Dole honored at home as ‘greatest’ of ‘Greatest Generation’

National News

A joint services military bearer team moves the casket of former Sen. Bob Dole, R-Kan., after arriving at the airport in Salina, Kan., Friday, Dec. 10, 2021. (AP Photo/Charlie Riedel)

TOPEKA, Kan. (AP) — After a final journey back to the prairie state that shaped him, Bob Dole was honored during memorial services Saturday in his western Kansas hometown as “the greatest of the Greatest Generation.”

Elected officials and former elected officials from both parties came to his western Kansas boyhood home of Russell to praise the military service during World War II that left him severely wounded and the distinguished political career that followed his recovery. The day’s events began with a public viewing of his casket and a memorial service at a Roman Catholic church in Russell, the small town some 240 miles (386 kilometers) west of Kansas City where he grew up during the Great Depression.

Another memorial was to follow Saturday afternoon in the state capital of Topeka, where Dole briefly served in the Kansas House in the 1950s. The dignitaries at both events included Democratic Gov. Laura Kelly; Kansas’ two Republican U.S. senators, Roger Marshall and Jerry Moran, and former GOP U.S. Sens. Pat Roberts and Nancy Kassebaum Baker.

Dole died Sunday at the age of 98 after serving nearly 36 years in Congress and running as the GOP nominee for president in 1996.

Kelly said in remarks in Dole’s hometown that Russell was “where his roots run deepest.” Dignitaries in dark, formal business attire mixed in the congregation with local residents dressed in less former farm and work clothes, a KWCH-TV livestream showed.

“As we gather here today to come together to salute our state’s most favorite of favorite sons and the greatest of the Greatest Generation, we pause to reflect with immense gratitude on all that Bob Dole’s life meant to Kansas and to Kansans, to our nation and to the world,” Kelly said.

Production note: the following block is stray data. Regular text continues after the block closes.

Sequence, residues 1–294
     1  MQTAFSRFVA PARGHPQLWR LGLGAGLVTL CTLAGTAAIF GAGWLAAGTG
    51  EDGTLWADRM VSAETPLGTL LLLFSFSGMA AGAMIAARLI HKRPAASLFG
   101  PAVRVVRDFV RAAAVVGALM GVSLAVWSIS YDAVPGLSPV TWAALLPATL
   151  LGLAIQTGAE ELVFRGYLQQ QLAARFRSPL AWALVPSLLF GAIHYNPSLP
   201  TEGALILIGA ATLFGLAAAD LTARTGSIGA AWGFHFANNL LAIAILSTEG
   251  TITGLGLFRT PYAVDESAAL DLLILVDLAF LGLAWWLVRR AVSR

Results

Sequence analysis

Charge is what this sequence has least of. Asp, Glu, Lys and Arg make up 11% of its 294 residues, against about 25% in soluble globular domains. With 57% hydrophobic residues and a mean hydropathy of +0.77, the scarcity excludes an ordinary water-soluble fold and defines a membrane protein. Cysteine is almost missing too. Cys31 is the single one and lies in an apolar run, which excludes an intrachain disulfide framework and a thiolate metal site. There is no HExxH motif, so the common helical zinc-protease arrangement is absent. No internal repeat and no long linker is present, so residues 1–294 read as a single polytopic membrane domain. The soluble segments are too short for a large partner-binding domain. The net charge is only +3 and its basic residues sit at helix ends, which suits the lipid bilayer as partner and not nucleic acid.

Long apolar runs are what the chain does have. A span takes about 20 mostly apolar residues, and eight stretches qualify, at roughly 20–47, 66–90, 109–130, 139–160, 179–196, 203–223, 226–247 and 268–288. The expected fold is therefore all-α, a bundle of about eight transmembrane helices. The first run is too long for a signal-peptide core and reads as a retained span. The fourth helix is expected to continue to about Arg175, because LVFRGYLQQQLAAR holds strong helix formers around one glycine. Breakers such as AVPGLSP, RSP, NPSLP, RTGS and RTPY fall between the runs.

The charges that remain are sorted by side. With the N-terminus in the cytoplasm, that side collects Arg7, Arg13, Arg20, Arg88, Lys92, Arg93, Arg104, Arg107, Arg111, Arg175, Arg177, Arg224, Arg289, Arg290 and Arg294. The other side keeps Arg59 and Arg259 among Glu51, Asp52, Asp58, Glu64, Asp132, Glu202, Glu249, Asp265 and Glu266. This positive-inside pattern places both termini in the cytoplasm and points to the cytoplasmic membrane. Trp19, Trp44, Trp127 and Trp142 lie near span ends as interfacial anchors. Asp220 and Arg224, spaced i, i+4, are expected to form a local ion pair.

Later, she added, “It’s hard to imagine a Kansas without Bob Dole, and I’m not sure I want to.”

Dole also was honored Friday during a service at Washington National Cathedral as a senator who could practice bare-knuckle partisan politics without losing civility and as a patriot whose grit overcame serious wounds from combat in World War II in Italy in 1945. He was known for a caustic wit that he sometimes turned on himself.

The cathedral service included remarks by President Joe Biden. Another tribute followed at the World War II Memorial in Washington — a monument to Dole’s generation that he worked to get built. Among the speakers was actor Tom Hanks.

Dole will be buried in Arlington National Cemetery, but his casket was flown Friday evening to Salina, Kansas, then transported 70 miles (113 kilometers) west to his boyhood hometown, which now has about 4,400 residents.

Oil production allowed Russell to boom when Dole was growing up, even during the Great Depression, with the first local well drilled in 1923, the year he was born. In accepting his 1996 presidential nomination, Dole recalled a town surrounded by wheat and oil wells where “no one grows up without an intimate knowledge of distance.”

“And the first thing you learn on the prairie is the relative size of a man compared to the lay of the land,” he said.

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